Wednesday, August 11, 2010

Spring has sprung in my part of the world!

Well, as soon as I say, "spring has sprung," we've plummeted back into freezing temperatures!  I've gone from wearing shorts and a tank top back to layers and ear warmers!  Oh well.  There are certainly SIGNS that spring is on the way.

Here are some shots of some things around my campus/community.  There are a couple of trees and wildflowers in bloom and the invasive Mexican poppy (plant with thorns)  that I was so taken with when I first arrived in South Africa.  (Now that I'm clear in my understanding that this plant is not welcome here, I no longer thrill to see its bloom!)

But we have new pine cones and emerging green from the burned landscape.  That's me in a tank top when it was warm (a few days ago) and me shirted on the pay  phone.  I make my long-distance phone calls from a pay phone on campus using a World Call long distance call.  The calls aren't cheap, but necessary!  I usually talk to everyone in my family at least once a month, or try to.

What else do we have here... There is a shot of our sunrise a few days ago...  The early morning cloud cover made me ache for rain (it hasn't rained here since April) but the clouds burned off later that morning.  One thing that happens when winter is ending and spring is coming is the African winds begin to blow.  I've read that tornadoes only occur in Northern America and do not occur in Africa; however, the winds that blow here are bad enough that we don't need tornadoes!  I despair in seeing my clothes drying in the dusty winds and take small consolation in the idea of a "dust bath."  If dust baths are good enough for birds, perhaps their good enough for my just-washed laundry! 

And there is a shot of the ants returning... I'm not happy to see these guys become active again!  They are voracious biters and a real curse in summer time! They glom onto you if you stop walking even for a second.

One shot is a burn spot surrounded by reeds.  When I arrived on site last year, I remember falling asleep at night to the sound of frogs calling in the night.  I remember thinking, "I'm at the edge of the desert and it is very dry here...  That sound cannot be frogs calling."  Well, yes it was!  In the shot of the sunrise there is a big, square object.  The big square object is a water tower located here on campus and very near this burned, reedy spot in the photograph.  Well, the water tower leaks.  The leak is a bad thing, of course, in regards to water conservation.  However, the water leak is a GREAT thing if you want to develop a wetland habitat.  If you have a wetland habitat, you get frogs, animals that feed on frogs, a HUGE variety of birds, including a variety of water fowl.  When the rains come, this burned, black spot will fill with water and the frogs will sing again!  I'm so excited! I can't wait for it to rain!!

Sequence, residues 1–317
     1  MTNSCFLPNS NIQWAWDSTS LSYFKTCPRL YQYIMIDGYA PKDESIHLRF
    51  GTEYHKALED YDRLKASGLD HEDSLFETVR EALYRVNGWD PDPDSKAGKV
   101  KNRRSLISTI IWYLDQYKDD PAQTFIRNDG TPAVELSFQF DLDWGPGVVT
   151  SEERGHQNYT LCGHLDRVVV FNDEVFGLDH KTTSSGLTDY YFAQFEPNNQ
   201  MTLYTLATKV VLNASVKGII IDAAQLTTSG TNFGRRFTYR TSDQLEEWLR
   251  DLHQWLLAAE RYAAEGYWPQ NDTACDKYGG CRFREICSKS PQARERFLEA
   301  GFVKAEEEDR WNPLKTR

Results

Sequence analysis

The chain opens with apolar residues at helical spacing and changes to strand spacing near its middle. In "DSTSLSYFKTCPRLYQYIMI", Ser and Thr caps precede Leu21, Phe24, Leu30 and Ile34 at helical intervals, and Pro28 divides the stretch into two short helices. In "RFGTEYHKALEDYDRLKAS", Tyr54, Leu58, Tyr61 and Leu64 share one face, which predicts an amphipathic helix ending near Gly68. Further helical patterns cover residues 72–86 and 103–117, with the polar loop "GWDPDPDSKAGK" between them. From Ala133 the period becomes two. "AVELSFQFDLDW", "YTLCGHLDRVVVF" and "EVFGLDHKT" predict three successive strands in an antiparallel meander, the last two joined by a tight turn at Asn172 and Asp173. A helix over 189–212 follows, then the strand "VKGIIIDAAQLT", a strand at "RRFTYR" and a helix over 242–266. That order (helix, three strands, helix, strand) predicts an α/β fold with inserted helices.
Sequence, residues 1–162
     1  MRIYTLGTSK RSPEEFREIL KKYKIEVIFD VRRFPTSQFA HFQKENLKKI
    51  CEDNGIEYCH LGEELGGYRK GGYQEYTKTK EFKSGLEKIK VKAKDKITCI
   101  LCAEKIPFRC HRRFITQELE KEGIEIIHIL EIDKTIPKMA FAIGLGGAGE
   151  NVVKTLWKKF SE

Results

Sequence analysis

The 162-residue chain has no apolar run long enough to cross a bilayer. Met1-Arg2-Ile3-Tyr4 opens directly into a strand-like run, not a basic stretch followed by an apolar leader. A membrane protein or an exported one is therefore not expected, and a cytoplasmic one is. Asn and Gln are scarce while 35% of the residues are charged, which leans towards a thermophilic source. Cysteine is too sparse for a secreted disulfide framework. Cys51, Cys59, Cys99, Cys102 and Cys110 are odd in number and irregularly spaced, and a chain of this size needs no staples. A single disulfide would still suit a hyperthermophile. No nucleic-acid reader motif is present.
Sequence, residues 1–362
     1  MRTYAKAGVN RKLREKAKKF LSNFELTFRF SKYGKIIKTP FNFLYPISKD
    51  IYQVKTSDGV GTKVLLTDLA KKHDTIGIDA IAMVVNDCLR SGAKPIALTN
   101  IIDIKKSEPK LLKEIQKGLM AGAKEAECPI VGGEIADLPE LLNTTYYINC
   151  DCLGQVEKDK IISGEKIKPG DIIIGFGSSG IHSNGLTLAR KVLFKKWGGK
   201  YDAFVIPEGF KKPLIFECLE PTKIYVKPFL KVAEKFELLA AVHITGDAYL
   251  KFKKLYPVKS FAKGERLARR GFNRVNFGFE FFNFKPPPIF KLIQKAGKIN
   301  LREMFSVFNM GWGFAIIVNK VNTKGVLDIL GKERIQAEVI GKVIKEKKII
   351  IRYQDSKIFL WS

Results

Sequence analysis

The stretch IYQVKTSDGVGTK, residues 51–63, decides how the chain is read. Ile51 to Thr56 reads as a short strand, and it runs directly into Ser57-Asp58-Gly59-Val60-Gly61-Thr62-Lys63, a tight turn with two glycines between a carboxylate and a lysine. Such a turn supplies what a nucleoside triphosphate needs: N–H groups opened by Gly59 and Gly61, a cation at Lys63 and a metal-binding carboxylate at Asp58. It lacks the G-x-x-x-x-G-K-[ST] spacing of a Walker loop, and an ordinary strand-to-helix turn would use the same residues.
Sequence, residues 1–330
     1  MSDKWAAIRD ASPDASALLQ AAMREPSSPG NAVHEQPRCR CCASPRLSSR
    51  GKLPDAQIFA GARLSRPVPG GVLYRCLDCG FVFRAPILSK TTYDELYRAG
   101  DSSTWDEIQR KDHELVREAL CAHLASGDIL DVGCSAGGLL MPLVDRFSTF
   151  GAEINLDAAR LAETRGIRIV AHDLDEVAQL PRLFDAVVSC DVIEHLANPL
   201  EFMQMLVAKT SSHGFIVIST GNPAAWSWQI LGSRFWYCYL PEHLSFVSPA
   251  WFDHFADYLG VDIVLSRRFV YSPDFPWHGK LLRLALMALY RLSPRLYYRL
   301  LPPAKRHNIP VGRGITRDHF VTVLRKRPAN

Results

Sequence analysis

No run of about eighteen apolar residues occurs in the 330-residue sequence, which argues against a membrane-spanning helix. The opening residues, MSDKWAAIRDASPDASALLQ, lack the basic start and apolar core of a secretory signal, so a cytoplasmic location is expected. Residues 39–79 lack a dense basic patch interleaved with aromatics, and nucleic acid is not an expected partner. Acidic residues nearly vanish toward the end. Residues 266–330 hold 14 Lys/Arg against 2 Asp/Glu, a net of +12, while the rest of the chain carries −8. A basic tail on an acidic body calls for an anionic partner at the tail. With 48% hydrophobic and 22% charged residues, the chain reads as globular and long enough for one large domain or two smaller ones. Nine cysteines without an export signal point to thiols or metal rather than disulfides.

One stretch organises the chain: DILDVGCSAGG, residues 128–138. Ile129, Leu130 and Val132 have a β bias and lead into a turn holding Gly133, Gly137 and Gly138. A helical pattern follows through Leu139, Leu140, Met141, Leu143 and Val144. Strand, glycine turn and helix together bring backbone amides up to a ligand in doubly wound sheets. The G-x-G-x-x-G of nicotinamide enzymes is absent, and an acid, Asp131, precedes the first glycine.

And then lastly, spring calling means I'm feeling the urge to dig again.  So, one photo is of a big hole.  I'm digging a trench garden.  Now, those of you who know me well know that I'm inherently lazy and digging, really big digging is not my thing.  I'd much rather garden with mulching and composting techniques, but mulching and composting techniques don't go over well here (they burn EVERYTHING here!).  But, trench gardening is the recommended gardening style for establishing food sustainability and I'm hoping to go out into my community and establish food gardens (trench gardens) for the needy.  Since I've only read about trench gardens, I thought I'd better practice what I preach, and I sure in the heck need to know how labor-intensive this project is, especially if I'm working with orphans or crippled old ladies.

I thought digging the beds would be killer, but I do a little at a time.  And because trench gardening has other steps: collecting organic material to "fill" the trenches and use as mulch, I have other things to do to build in breaks from my digging.  Also, as we have free-roaming goats, I'll need to build a fence, or my very labor-intensive trenched beds will be a lovely buffet for the free-roaming goats!  So, I also take breaks from digging to collect material to build a fence.

The easiest and most effective way to fence would be to use barbed-wire and posts; however, since many in my community will not have money even for modest fencing, I will try fencing with thorns, of which we have plenty.

Wish me luck!  And wish me luck that this cold spell moves back quickly into spring! 

Soon, Karen

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